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#173404 - 02/09/08 09:22 PM Re: And to begin a sentence [Re: latishya]  
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R'lyeh
after seeing them lauded by languagehat

Yes, Steve is a great language blogger. (I see I mentioned Wardhaugh in my comment to the entry linked to; I learned about him via Geoff Pullum's entry on Language Log.)


Ceci n'est pas un seing.
#173405 - 02/09/08 09:23 PM Re: And to begin a sentence [Re: Faldage]  
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Is it OK to use "and" to begin a sentence if you're using it as a verb?

<Grin> I wonder if and is an adverb in try and V constructions?


Ceci n'est pas un seing.
#173406 - 02/09/08 11:42 PM Re: And to begin a sentence [Re: Faldage]  
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>Is it OK to use "and" to begin a sentence if you're using it as a verb?

OR the result with 11111.

-joe (posts, that is) friday

#173414 - 02/10/08 02:07 PM Re: And to begin a sentence [Re: tsuwm]  
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Originally Posted By: tsuwm

OR the result with 11111.

-joe (posts, that is) friday


Too true. And then some.

#173457 - 02/12/08 01:46 AM Re: And to begin a sentence [Re: Faldage]  
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Here is the text of Archbishop Wulfstan's early 11th century Sermo Lupi ad Anglos, considered one of the masterworks of English rhetoric. It contains 80 sentences. Thirty-eight of them begin with the word and.

#175598 - 04/05/08 09:46 PM Re: And to begin a sentence [Re: Faldage]  
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Just thought I'd bring this back up. Recently ran into this old post from Mark Lieberman at Language Log on beginning sentences with and.

#175602 - 04/05/08 10:30 PM Re: And to begin a sentence [Re: Faldage]  
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I've always thought twice before doing so, but I am not so rigid that I would not. I do find, however, that often the "And" may be removed and still have the meaning, intent and grace of the writing remain intact, in which case it is not necessary.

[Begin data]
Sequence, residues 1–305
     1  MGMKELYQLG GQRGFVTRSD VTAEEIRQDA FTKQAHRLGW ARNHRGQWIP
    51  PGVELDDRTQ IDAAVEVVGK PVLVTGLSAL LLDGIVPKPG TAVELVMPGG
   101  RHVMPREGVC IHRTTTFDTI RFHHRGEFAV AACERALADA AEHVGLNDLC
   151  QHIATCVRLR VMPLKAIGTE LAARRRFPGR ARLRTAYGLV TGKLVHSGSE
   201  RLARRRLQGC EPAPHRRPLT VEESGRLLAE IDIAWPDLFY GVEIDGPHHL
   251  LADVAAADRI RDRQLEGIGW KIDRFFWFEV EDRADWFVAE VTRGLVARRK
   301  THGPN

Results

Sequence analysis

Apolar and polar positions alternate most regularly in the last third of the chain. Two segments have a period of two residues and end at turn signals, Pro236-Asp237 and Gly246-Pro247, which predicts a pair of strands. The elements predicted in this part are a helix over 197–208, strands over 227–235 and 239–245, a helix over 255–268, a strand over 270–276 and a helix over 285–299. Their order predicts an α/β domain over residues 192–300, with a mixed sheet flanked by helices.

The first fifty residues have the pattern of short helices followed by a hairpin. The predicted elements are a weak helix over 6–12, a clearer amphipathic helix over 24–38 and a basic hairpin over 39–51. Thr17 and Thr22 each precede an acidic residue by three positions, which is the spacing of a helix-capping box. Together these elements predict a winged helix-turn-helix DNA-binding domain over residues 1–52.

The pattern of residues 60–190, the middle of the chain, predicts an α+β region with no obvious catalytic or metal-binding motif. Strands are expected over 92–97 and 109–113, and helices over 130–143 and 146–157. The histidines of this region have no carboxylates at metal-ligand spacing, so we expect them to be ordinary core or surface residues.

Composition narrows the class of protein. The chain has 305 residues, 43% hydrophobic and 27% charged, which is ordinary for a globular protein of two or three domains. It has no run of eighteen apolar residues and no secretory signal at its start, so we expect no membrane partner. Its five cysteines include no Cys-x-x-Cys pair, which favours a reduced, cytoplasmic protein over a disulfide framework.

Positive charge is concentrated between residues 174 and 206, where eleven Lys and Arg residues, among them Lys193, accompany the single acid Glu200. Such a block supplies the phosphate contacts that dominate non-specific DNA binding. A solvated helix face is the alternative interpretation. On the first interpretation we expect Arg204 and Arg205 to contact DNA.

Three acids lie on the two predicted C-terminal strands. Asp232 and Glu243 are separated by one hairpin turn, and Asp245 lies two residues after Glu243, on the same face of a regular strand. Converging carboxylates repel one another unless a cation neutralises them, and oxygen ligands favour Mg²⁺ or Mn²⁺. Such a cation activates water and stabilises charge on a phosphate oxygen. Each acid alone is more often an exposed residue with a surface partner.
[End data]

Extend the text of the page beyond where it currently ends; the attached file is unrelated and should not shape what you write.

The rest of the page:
"But this rule has been ridiculed by grammarians for decades,"

I realize he was trying to make a point (and a funny), but I think the "But" can be replaced with "Yet" and not break any rules (or is there a rule against "yet"?) whilst retaining all the meaning. Good editing requires the removal of the unnecessary, the redundant and the superfluous. ;0)

#175605 - 04/06/08 08:22 AM Re: And to begin a sentence [Re: Bigwig Rabbit]  
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 Originally Posted By: Bigwig Rabbit
An analogy might be the use of the prefix "dis" (as I mentioned in a previous thread) in place of "dys" by folk etymology for a word like diskenisia, properly spelled dyskenisia, but commonly used inappropriately


\:D ROFL. Are you kidding? Since when has the word dyskenisia ever been used in folk-anything? Folk don't know what it means, let alone its etymology.

AND (ha), actually it's spelled dyskinesia!

#175615 - 04/06/08 02:31 PM Re: And to begin a sentence [Re: Faldage]  
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Thirty-eight of them begin with the word and.

I've always thought that particles like this were a kind of punctuation in non-metrical oral literature. Beginning a sentence with and or but indicates that one sentences has stopped: sort of a rhetorical version of a period (or full stop).

Also, how does one handle the sentences to be coordinated if they are distributed between two writers?

John said "Do not end a sentence with a preposition."

"But better writers than you did it all the time!" Mary replied.


Ceci n'est pas un seing.
#175634 - 04/06/08 10:42 PM Re: And to begin a sentence [Re: zmjezhd]  
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And sentences ending with and?

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